August 11, 2017

10 Experts Reveal Proven Tips and Strategies To Overcome Perfectionism

7 Experts Reveal Proven Tips and Strategies To Overcome Perfectionism

“Many people think of perfectionism as striving to be your best, but it is not about self-improvement; it's about earning approval and acceptance.” 

- Brené Brown

In this column, you will learn simple but powerful tips on how to overcome perfectionism from a wide range of experts. 

Clicking on the expert names below will take you to their individual blurb on how to overcome perfectionism.

# Follow the 7 tips below

There’s nothing wrong with striving for success and excellence.

However, that is not the same as perfectionism and it’s important to know the difference in order to recognize it and take steps to overcome it. Perfectionism is a tendency to set standards so high they can’t be met, yet never being satisfied with anything less.

It is driven by fear; fear of being judged, rejected, making a mistake or failing.

While most people realize that sometimes mistakes are inevitable and even a learning opportunity, perfectionists think making a mistake makes them a total failure. They exhibit “all or nothing” thinking.

Psychologist Dr. Ellen Hendriksen says, 

"Contrary to the name, most perfectionists aren’t driven by the pursuit of perfection, they’re driven by the avoidance of failure."

Being a perfectionist isn’t about being perfect, it’s about never being good enough.” Perfectionism can show up in body image, leading to eating disorders or over-exercising. It can show up in one’s career, resulting in procrastination or agonizing over a detail for so long projects don’t get done on time—or at all. And it stunts personal growth as the perfectionist is constantly critical of herself for not being where she thinks she ought to be in her development. Even love is performance-driven. All of this often leads to depression.

While many people believe perfectionism leads to success, in reality, perfectionism can actually hinder success.

Perfectionistic behaviors can increase performance and social anxiety. The perfectionist focuses so much on the end product that he doesn’t concentrate on the process of completing a task. It’s all about trying to control the outcome in order to receive love and acceptance.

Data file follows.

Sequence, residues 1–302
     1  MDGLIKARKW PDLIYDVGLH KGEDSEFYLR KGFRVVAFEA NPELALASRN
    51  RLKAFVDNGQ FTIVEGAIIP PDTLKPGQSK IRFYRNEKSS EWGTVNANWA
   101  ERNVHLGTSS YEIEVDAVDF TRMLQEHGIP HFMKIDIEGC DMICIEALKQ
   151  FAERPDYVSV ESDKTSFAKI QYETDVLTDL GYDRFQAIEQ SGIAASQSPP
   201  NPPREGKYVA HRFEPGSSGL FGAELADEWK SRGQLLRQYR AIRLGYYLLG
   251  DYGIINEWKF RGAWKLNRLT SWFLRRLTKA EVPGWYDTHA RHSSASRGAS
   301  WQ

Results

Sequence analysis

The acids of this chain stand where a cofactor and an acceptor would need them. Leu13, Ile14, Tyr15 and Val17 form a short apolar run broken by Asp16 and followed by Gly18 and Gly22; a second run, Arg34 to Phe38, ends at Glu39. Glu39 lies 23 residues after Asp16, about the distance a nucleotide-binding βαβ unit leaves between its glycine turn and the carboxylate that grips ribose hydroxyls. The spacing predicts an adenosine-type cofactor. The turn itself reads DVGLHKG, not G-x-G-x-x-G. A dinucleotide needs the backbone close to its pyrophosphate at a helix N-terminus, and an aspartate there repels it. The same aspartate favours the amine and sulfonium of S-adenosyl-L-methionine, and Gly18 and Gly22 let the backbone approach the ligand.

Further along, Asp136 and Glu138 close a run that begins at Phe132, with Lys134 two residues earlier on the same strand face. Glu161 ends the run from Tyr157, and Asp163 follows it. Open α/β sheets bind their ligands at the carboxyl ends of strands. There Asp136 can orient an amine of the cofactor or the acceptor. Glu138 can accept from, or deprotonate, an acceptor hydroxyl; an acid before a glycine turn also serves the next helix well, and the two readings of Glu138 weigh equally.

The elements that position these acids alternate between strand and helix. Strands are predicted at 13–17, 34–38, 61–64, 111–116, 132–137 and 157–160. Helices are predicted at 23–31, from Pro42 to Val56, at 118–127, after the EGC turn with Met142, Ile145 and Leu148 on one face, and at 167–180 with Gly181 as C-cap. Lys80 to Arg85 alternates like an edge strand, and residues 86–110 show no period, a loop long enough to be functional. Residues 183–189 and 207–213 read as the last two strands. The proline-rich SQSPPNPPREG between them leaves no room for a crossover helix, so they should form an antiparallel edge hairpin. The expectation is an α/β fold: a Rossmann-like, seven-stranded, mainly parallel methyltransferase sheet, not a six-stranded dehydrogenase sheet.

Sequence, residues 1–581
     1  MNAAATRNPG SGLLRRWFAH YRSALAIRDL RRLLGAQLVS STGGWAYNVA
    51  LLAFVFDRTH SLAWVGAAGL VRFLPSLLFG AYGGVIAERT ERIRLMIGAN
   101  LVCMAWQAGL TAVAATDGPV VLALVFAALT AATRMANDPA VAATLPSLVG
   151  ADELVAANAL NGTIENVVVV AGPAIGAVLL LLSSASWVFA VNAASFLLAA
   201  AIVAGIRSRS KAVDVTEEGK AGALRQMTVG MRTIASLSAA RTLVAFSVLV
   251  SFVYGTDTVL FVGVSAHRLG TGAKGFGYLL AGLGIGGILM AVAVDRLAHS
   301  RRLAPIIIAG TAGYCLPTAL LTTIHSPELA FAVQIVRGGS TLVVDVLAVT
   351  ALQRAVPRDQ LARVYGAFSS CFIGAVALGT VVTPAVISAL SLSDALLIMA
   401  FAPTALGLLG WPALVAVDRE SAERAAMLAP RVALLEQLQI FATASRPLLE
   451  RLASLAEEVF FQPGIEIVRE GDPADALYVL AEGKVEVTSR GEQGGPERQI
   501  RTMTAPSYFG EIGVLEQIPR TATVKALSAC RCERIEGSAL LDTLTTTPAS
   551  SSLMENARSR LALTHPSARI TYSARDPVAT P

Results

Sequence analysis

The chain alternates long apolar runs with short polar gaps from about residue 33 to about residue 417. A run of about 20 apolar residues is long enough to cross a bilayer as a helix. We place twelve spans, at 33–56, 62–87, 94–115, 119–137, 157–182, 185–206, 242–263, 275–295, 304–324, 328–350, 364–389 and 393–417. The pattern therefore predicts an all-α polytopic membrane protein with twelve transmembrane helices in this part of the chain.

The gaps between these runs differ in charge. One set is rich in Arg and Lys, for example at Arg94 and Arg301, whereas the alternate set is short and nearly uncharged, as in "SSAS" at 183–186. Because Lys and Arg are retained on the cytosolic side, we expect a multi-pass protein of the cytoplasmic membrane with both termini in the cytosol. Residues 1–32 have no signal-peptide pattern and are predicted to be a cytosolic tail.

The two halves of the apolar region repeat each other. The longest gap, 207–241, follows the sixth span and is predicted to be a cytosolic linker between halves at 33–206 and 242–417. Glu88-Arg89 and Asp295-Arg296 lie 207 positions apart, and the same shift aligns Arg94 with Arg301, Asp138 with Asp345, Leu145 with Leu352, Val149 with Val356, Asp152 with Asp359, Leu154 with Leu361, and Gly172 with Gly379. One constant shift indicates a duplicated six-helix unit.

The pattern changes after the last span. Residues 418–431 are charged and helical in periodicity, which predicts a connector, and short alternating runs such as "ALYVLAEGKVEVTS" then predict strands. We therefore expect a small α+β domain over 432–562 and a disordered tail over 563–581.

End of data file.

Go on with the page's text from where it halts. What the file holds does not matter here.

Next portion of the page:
So if you find you are a perfectionist, what can you do?

1. Be aware of your self-critical and “all or nothing” thoughts.

When you find yourself criticizing a performance you deem less than perfect, stop yourself and focus on what was good about it. Make a list of the things that went right. Focus all your attention on this list of positive aspects.

2. Set realistic goals.

By setting realistic goals (lowering your standards) you will soon find that less than “perfect” results don’t lead to the rejection or harsh criticism you are afraid will happen to you. Realistic goals are just out of your reach. They require you to stretch some, but allow the likelihood of success.

Test out lowering your standards by what you would consider 90% effort instead of 100% and then analyze what happened. Did earth stop spinning? Did someone complain? When you realize perfectionism is actually harming you, your performance and others around you, it is easier to quiet the inner critic and feel good about “good enough.”

3. Remember that you and everyone else are human, and with that comes imperfection.

It’s necessary to our experience. We learn and grow through the mistakes we make, and perfection simply doesn’t exist. “ Ring the bells that still can ring. Forget your perfect offering. There is a crack in everything. That’s how the light gets in.” ~ Leonard Cohen

4. Be aware of the media sources you spend time with that try to reinforce perfectionism in you.

Do the websites, TV shows, magazines, podcasts and books you engage with have realistic and positive views of life? If not, spend more time with positive and uplifting sources.

5. Spend time with people who are positive and living life in a healthy and relaxed way.

Since we become like the five people we spend most of our time with, see who you know who is relaxed and a free spirit.

6. Practice self-forgiveness and self-love.

These free you from negative self-talk and open you to love. Look in the mirror every day, with your hand on your heart and tell yourself, “I love you.” It may feel silly or difficult at first, but keep at it. When you think you have failed in some way, stop and say to yourself, “I forgive you. I love you.” Surrender to the idea that you are fine, just as you are. And, review step 1! Ask yourself what went right!

7. Laugh!